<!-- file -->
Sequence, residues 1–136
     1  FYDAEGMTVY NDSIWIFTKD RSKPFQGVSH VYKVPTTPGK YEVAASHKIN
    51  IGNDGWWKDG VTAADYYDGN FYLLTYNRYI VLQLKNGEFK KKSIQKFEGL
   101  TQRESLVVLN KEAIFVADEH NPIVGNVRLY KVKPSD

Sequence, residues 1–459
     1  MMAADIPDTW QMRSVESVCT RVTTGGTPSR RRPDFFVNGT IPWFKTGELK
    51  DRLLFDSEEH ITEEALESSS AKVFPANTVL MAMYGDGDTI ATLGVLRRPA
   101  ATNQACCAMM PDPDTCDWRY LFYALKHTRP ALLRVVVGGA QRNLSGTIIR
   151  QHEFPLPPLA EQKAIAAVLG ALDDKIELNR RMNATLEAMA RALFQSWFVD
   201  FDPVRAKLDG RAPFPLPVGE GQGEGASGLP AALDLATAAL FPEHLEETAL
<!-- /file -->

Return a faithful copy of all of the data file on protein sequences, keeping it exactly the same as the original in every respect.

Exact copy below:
Sequence, residues 1–136
     1  FYDAEGMTVY NDSIWIFTKD RSKPFQGVSH VYKVPTTPGK YEVAASHKIN
    51  IGNDGWWKDG VTAADYYDGN FYLLTYNRYI VLQLKNGEFK KKSIQKFEGL
   101  TQRESLVVLN KEAIFVADEH NPIVGNVRLY KVKPSD

Sequence, residues 1–459
     1  MMAADIPDTW QMRSVESVCT RVTTGGTPSR RRPDFFVNGT IPWFKTGELK
    51  DRLLFDSEEH ITEEALESSS AKVFPANTVL MAMYGDGDTI ATLGVLRRPA
   101  ATNQACCAMM PDPDTCDWRY LFYALKHTRP ALLRVVVGGA QRNLSGTIIR
   151  QHEFPLPPLA EQKAIAAVLG ALDDKIELNR RMNATLEAMA RALFQSWFVD
   201  FDPVRAKLDG RAPFPLPVGE GQGEGASGLP AALDLATAAL FPEHLEETAL